Given that approximately one sixth of the world's population lacks access to safe drinking water, it would obviously be a very good idea to create something that allows those people to easily and cheaply filter their local tainted water. That was the thinking behind the LifeStraw. Developed by European disease control firm Vestergaard Frandsen, the simple device allows individual users to drink directly out of unclean water bodies, without ingesting pathogens or other pollutants. Now, the larger-scale LifeStraw Family is being introduced in Kenya, where it could potentially save millions of lives, reduce air pollution, and pay for itself in the process.
Originally, the first-generation LifeStraw used a special resin to kill water-borne bacteria on contact, while activated carbon captured organisms such as parasites. Now, both it and the LifeStraw Family instead utilize hollow fiber technology.
The filtration process starts with users emptying untreated water into the device's feed bucket, where a prefilter traps particles larger than 80 microns. From there, the water proceeds down a plastic hose to the purification cartridge. There, a hollow fiber ultrafiltration membrane stops all microbes and fine dirt particles - the fibers' tiny pores won't allow anything larger than 20 nanometers to pass through. What ultimately comes out of the cartridge's tap is clean, clear, potable water.
The "dirty side" of the membrane can be periodically cleaned via a built-in back-flushing system, although small amounts of chlorine are also added as the water leaves the feed bucket, to help reduce biofouling.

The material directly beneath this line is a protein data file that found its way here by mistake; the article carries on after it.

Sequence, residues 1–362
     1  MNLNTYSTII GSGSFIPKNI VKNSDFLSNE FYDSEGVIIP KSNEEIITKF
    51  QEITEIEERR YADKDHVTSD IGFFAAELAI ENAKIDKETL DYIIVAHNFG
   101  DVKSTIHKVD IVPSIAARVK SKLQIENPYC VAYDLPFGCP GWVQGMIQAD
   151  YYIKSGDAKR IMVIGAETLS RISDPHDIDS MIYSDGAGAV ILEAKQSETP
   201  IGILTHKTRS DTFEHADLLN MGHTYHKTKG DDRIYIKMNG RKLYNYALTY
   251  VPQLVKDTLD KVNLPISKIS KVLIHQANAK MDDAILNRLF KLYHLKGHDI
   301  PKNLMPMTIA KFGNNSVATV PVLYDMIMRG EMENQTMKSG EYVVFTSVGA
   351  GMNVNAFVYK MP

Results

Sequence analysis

Traditionally, people in the region have set about purifying their water by boiling it. Heating that water requires fire, fire produces smoke, and smoke is a major source of atmospheric carbon dioxide. Because the LifeStraw Family reduces the need for those fires, Vestergaard Frandsen is able to claim one carbon credit for each metric ton of CO2 that is kept out of the atmosphere. The company can then sell those credits on the open market, mostly to corporations that wish to meet their Kyoto Protocol obligations by supporting non-polluting technology, instead of reducing their own emissions.
In this way, the program should hopefully pay for itself, and then some. Vestergaard Frandsen has invested approximately US$30 million in the project, but it expects to offset over 2.4 million tons of CO2 per year - carbon credits sell for about US$6 to $12 each. A database of families using the devices, which includes photos, phone numbers and GPS coordinates, will be utilized for auditing purposes.
Eliminating the need for water-boiling fires also lessens the amount of harmful smoke that users inhale, along with the amount of time and effort needed to gather wood, plus it slows the deforestation process.
The implementation phase of Carbon for Water is just wrapping up, having taken place over the past two months. All of the LifeStraw Family recipients are getting their devices free of charge, and will receive free repairs or replacements at one of 31 service centers that have been established in the region.
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